Surveyors, Map and Chart Makers

Perhaps the saddest aspect of appreciating the wonderful maps and charts that we treasure so much today is the fact that, we still know so little about some of the men who actually made them. Not the publishers back in London such as William Faden, Thomas Jeffreys, Robert Sayer, John Bennett, Thomas Kitchen, nor indeed the likes of J. F. W. Des Barres or Samuel Holland, Thomas Hurd, James Cook and Admiral John Knight who all found fame with time. Rather the men who worked and lived in the blistering cold, heat, wet and isolation for months at a time in order to survey the land, coastlines and seas on meagre rations and little more pay. The men such as Thomas Wright, Thomas Wheeler, James Peachy, Charles Blaskowitz, James Grant, George Sproule and several more.

Henry Bayfield

Was one of a ‘second generation’ of talented and vitally important British Naval surveyors who contributed greatly to the greater survey of North America

Bernard Ratzer

Ratzer is responsible for one of the most highly appreciated and instantly recognizable maps and plans of New York ever seen

Capt. James Cook

A great deal has already been written about Captain James Cook, explorer of the South Pacific, Australia and New Zealand. Possibly more than of any other explorer, certainly surveyor, in history.

Charles Blaskowitz

With the outbreak of war in 1776 he developed into the preeminent surveyor of the British campaign.

Claude Joseph Sauthier

Sauthier was one of the most influential of the surveyors employed by the British to map New York at the time of the Revolutionary War.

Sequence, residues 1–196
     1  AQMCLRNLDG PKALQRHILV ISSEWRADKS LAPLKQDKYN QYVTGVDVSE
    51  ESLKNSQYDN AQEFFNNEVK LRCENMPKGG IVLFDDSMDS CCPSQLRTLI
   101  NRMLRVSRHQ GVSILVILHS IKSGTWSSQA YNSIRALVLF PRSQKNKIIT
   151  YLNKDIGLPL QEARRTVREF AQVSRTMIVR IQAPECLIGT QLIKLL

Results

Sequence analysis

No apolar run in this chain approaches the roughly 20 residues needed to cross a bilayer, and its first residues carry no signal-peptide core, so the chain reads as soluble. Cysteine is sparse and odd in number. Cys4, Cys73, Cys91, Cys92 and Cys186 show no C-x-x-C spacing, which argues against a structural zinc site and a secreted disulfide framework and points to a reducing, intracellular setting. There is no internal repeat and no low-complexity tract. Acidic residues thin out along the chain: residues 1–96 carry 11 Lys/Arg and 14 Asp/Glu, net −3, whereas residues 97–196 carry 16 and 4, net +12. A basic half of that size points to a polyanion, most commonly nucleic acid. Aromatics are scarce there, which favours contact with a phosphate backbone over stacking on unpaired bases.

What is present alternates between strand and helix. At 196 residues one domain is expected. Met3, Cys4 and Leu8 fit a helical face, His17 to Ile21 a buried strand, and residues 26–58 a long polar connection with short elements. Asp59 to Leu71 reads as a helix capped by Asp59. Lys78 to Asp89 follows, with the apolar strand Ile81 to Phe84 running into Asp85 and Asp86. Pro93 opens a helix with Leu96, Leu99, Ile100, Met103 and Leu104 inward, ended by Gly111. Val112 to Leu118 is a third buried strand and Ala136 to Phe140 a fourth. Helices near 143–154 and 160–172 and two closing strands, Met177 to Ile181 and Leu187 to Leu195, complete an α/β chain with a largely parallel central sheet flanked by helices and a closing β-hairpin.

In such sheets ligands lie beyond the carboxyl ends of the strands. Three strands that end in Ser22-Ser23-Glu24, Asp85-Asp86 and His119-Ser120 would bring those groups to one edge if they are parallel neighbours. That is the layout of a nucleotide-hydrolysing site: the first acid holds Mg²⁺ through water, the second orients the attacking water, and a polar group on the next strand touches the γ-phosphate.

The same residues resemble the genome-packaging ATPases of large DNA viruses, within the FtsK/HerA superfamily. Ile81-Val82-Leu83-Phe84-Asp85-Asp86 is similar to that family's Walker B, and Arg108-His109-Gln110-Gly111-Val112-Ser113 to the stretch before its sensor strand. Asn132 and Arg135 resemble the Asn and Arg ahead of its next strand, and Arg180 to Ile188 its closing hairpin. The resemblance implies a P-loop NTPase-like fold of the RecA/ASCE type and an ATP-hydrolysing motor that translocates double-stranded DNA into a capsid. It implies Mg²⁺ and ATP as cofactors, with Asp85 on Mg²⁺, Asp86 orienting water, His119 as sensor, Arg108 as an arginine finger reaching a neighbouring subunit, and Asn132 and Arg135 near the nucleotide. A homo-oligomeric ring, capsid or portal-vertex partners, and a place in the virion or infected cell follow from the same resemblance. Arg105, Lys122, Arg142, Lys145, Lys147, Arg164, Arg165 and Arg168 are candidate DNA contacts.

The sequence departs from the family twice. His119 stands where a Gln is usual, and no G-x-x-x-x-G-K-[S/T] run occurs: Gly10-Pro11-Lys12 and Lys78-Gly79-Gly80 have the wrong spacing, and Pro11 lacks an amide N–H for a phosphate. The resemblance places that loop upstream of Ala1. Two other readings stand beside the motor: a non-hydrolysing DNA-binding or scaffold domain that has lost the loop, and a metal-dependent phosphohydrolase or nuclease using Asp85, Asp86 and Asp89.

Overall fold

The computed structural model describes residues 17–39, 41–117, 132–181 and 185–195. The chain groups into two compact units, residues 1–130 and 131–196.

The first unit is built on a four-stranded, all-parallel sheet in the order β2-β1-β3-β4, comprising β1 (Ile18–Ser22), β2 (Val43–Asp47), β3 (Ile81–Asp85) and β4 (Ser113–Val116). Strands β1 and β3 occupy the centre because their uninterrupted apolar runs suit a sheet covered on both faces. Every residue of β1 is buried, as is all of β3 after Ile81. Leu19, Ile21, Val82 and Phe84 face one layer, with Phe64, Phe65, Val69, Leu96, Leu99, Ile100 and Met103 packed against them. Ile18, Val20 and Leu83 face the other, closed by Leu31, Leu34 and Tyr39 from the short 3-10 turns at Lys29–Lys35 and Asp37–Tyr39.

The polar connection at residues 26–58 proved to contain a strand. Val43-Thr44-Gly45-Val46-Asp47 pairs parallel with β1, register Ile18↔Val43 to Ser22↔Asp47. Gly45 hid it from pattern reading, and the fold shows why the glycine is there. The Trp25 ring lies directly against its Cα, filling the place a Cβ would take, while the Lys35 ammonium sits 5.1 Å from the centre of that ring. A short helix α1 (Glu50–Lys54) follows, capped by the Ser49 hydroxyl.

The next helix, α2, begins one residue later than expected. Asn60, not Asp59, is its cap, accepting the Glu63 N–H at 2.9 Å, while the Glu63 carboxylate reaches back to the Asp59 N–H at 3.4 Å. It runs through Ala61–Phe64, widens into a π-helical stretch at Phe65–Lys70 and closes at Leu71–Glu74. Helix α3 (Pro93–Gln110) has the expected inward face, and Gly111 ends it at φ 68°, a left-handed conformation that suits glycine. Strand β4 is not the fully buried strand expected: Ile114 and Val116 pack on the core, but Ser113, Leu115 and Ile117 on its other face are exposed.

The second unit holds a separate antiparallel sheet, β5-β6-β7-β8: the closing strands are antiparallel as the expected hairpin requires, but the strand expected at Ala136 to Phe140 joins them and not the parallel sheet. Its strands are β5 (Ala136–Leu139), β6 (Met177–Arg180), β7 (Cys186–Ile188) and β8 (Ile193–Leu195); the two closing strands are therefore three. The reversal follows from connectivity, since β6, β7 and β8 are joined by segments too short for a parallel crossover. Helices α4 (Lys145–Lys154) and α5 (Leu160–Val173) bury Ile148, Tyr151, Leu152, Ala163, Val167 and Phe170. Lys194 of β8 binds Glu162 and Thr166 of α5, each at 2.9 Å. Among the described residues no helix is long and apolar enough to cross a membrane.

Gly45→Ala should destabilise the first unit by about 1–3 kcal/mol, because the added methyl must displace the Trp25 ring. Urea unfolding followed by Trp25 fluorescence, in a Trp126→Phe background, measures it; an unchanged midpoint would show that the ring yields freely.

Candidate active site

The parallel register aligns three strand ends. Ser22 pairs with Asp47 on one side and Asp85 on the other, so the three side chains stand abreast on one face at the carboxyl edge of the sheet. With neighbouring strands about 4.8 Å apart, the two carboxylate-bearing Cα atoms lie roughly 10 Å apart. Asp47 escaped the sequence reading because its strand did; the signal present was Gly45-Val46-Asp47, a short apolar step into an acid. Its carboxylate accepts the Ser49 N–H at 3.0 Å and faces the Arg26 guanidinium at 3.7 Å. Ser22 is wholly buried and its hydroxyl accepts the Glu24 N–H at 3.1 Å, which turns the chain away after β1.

George Sproule

He was seconded to the survey team of Samuel Holland in 1765, probably in Louisburg, Nova Scotia where he was posted as part of the 59th Foot regiment.

J.F.W. Des Barres

Joseph Frederick Wallet Des Barres was unquestionably one of the most important and talented map makers of the day.

James Grant

Like several others of this very talented and professional men who did so much to lay-down the start of what was the most ambitious survey project ever undertaken, so little is known about him.

Lieut. John Hunter

He was schooled and attended Aberdeen University. His father was in the merchant service and it is probably no surprise that he elected for a Naval Career.

Lt. John Knight

John Knight was an extraordinary naval officer who saw a great deal of action in his time in service.

Samuel Holland

Holland was a Dutch artillery officer and military engineer, born in 1728, who joined the British army in about 1754 when he moved to England under the patronage of the Duke of Richmond.

The Surveyors

The Men behind the Maps, Charts, Plans & Surveys